There were fears politics would put an end to the highly popular Philippine Basketball Association (PBA) tournaments a few weeks ago over a controversial trade involving franchise player Christian Standhardinger.
The fate of the 42-year-old institution hung in the balance as the league was torn asunder by two warring groups: the San Miguel Group and the MVP Group (Manny V. Pangilinan).
Seven PBA teams, led by the MVP Group (TNT, NLEX and Meralco), joined by Alaska, Phoenix, Blackwater and Rain Or Shine wanted PBA Commissioner Chito Narvasa to resign. The MVP Group demanded for Narvasa’s resignation but the SMB Group (SMB, Magnolia, Ginebra) joined by KIA (of course) and Globalport relented.
An impasse ensued that threatened to shatter an institution which has attracted a following of 72 percent of Filipinos, or 53 million of the nation’s 103 million population.
Narvasa, son of former Chief Justice Andres Narvasa, saw the better side of prudence and resigned on December 17 and saved the PBA.
The PBA, the oldest Asian professional basketball and the most followed after the National Basketball Association has been a source of great advertising mileage for the PBA teams. The PBA cannot and will not die.
Because despite the P100 million franchise fee and another P100 million in yearly operating costs, Media Trackers believe the advertising mileage is three to four times operating costs or P400 million every year.
There was a time when maintaining a PBA team was prohibitive when there were no caps on the salaries of stars that were as high as P5 million a year, plus bonuses and incentives that equaled the pay of some CEOs in the corporate world. (Recall the P25-million five-year deal for star Alvin Patrimonio?)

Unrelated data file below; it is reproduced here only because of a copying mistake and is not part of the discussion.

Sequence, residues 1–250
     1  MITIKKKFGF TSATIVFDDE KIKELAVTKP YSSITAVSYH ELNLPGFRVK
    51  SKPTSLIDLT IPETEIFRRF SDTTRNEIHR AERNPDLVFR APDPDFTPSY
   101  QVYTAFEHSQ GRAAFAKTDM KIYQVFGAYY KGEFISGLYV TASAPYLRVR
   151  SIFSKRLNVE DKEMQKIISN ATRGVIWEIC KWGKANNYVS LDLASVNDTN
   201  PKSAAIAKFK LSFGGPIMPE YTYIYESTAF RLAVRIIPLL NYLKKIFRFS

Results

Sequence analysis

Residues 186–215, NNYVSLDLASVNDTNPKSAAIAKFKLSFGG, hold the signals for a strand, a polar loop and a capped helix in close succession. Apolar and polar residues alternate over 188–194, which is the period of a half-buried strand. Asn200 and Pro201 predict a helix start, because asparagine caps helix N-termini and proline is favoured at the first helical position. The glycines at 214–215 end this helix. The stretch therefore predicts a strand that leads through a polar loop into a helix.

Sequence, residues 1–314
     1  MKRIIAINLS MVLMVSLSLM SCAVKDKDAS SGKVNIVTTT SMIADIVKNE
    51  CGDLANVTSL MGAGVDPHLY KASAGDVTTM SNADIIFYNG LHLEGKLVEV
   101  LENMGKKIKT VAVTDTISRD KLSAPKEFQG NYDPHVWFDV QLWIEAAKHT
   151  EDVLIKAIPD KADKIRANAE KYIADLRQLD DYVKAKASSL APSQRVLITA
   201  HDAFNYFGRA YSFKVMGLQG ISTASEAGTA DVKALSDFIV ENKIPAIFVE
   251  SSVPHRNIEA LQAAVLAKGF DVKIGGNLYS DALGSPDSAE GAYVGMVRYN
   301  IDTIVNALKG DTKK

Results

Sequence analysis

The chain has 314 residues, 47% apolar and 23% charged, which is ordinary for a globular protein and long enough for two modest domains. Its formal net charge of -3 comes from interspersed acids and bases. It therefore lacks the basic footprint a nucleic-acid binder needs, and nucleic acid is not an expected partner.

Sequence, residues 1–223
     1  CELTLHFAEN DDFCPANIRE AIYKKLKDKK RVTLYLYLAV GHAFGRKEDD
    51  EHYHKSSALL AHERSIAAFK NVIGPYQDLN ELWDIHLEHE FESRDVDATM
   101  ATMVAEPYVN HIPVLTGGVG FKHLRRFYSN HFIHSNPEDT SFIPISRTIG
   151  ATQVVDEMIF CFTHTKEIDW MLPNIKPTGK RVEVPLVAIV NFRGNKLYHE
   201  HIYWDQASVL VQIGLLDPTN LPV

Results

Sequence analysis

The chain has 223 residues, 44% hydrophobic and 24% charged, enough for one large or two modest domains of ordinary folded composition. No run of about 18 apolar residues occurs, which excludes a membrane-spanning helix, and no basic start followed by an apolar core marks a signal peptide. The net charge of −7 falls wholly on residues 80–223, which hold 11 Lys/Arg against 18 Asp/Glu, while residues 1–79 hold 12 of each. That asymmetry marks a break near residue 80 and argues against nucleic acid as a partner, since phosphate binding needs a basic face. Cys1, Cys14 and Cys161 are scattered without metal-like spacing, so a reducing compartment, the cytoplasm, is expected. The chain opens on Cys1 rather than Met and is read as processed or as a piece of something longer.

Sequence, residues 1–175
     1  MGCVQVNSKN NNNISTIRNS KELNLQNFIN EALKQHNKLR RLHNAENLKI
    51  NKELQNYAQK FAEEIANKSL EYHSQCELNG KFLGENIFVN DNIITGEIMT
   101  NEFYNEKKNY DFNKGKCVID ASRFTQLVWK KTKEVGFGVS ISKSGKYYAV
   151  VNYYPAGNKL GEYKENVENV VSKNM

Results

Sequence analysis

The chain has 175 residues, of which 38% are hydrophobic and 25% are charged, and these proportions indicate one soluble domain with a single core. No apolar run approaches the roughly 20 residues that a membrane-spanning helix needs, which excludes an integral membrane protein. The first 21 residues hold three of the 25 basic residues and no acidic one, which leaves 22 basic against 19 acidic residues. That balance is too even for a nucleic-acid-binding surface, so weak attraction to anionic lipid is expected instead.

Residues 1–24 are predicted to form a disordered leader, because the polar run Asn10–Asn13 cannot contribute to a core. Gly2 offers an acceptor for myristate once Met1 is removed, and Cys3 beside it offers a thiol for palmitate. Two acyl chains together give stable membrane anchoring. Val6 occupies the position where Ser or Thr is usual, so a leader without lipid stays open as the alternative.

Now, there is a ceiling on salaries and the lowest paid player is now getting only P50,000 and limits on winning bonuses except winning the championship, which is a corporate winner’s prerogative have been imposed. Expenses are now more manageable.
But the goodwill and promotional value are very hard to quantify. Look at the 12 teams today—why are they there?
SMB has fortified its status as the best beer in the country through the years. Ginebra was once Anejo Rhum and Gilbey’s Gin—all marketed successfully.
Rain or Shine Paints attributed its being the No. 1 elastometric paint product in the country to basketball, starting with their Philippine Basketball League days in 1996, Alaska remains a very popular family milk and Magnolia a leading ice-cream brand.
Blackwater men’s fragrance and perfume have been steadily gaining ground as an entry of the Ever Bilena Group, while KIA Picanto is selling its image as a compact city car built by Koreans.
Phoenix Petroleum wanted to be known quickly as it is the first independent oil company breaking the stranglehold of the Big Three after the oil deregulation period, while TNT formed part of the telcos under PLDT with Smart and Sun.
There are three PBA companies whose presence is hard to explain except for merely cultivating goodwill. Meralco, a franchise power distributor and a monopoly of sorts, as well as NLEX (a leading road toll developer) are two of them.
Globalport, which manages ports, can only be there, perhaps, because its Chairman, Mikee Romero, is a youthful sports-minded fellow.
And so all’s well that end’s well with Narvasa’s resignation. The most popular tournament has just kicked off.
Expect SMB and Ginebra to slug it out in the championships. Gives one an idea why the MVP Group bitched about the Standhardinger lopsided trade.
The PBA, ah, it’s too good to die—for any reason.
Bingo Dejarresco, a former banker, is a financial consultant, media practitioner and book author. He is a Life member of Finex but his views here are personal and do not necessarily reflect those of Finex.